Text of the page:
Allergies in the Workplace
Every year 10,000 workdays are lost due to employees suffering from allergies. “Allergies are usually not directly caused by work conditions, but have an enormous effect on a company’s bottom line,” explains M. W., M.D., medical director of OccNet, the occupational health service of the Health Alliance. The staggering cost to U.S. companies is anywhere between $250 million to $6 billion a year! A study by the American Journal of Managed Care discovered that allergies resulted in $1.4 billion in lost productivity for female workers and $2.4 billion for male workers.
Allergy affliction runs much deeper than the common runny nose or watery eyes. Lack of sleep caused by allergies can lead to general fatigue, listlessness, weakness, and exhaustion, which in turn impair employees’ abilities to perform normal work and social functions. Unlike afflictions with similar symptoms, such as the flu, there is no getting over an allergy.Hay fever (allergic rhinitis) is the most common allergy in the workplace, with 12.6 million sufferers. These numbers are more than those who suffer from back aliments (8.5 million) and about the same as high blood pressure (13 million). Hay fever affects a company’s bottom line in a variety of ways. First, an employee may take a sick day due to illness. Second, the employee may go to work but perform at a sub-standard level. In addition to this, there are safety concerns. Over-the-counter allergy medications carry labels that warn they may cause drowsiness. Employers and workers should take into consideration that heavy manufacturing positions and jobs requiring driving can be ripe for disasters at the hands of employees performing below level because of drowsiness.Because allergies rarely pose life-threatening problems, benefits management often ignores allergies. But to ignore allergies is to ignore a problem that devours billions of dollars in this country. Employee education is key to reducing the consequences of allergy in the workplace, including:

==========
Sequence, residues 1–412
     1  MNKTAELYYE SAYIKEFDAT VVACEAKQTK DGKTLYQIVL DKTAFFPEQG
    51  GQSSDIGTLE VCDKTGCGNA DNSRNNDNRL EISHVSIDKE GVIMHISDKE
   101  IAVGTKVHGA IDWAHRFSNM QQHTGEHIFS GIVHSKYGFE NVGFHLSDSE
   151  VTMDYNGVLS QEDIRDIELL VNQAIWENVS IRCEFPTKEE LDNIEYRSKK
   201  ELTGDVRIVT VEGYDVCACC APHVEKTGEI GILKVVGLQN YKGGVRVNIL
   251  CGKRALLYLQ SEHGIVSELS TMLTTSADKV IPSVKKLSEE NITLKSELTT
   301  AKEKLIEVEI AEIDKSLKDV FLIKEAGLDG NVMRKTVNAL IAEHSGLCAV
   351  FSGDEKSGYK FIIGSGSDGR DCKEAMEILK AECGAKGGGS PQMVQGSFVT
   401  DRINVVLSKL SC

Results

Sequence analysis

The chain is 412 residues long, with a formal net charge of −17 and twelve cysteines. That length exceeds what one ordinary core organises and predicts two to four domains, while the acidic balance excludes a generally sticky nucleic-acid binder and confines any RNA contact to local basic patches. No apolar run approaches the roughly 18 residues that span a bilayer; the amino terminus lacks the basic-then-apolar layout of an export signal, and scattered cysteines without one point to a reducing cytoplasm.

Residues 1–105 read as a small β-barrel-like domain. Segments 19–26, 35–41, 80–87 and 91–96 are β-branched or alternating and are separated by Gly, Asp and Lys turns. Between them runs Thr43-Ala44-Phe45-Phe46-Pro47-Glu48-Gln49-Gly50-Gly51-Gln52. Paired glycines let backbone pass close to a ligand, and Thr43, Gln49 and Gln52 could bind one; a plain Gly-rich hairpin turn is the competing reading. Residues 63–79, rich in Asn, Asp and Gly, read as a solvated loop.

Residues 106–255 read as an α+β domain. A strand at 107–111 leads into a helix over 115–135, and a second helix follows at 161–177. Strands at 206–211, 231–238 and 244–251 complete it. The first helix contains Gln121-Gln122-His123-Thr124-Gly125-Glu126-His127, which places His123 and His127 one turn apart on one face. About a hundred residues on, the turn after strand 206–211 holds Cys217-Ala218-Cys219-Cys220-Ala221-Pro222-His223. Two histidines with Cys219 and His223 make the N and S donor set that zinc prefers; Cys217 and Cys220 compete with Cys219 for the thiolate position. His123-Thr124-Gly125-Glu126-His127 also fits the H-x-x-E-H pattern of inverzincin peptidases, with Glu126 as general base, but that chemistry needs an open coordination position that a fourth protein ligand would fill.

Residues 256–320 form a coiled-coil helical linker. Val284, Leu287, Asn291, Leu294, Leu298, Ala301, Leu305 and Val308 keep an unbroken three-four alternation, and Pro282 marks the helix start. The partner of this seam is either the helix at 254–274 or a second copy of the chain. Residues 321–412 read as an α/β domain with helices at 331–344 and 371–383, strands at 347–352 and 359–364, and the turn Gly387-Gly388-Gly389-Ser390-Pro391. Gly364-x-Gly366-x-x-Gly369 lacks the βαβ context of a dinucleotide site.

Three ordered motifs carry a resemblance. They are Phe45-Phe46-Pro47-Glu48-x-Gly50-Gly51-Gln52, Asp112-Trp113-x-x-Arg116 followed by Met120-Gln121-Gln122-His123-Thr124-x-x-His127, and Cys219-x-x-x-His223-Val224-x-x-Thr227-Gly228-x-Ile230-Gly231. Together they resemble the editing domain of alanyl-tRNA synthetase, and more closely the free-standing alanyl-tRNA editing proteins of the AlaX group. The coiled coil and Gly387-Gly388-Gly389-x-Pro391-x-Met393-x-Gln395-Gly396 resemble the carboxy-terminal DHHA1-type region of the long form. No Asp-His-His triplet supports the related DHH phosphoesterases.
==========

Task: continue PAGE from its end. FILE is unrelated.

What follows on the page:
- General information on the causes and symptoms of allergies
- How to recognize allergy symptoms before they become debilitating
- The difference between antihistamines and decongestants, and sedating and non-sedating drugs
- When to seek professional help and when to self-medicate
- How to reduce or eliminate allergens through lifestyle changes
There are numerous ways to distribute this information. Wellness and prevention programs, for instance, can offer lunchtime lectures supplemented with supporting literature. Posters, paycheck flyers and newsletter articles can also be utilized to communicate this message. On the medical side, employers in managed care programs can request that physicians participate in identifying and educating patients, and work with allergists as needed. Employers with on-site medical services can facilitate employee education by offering literature and counseling to persons seeking over-the-counter antihistamines. By simply becoming aware of this potentially large problem, employers take the first step toward reducing illness and its associated cost.
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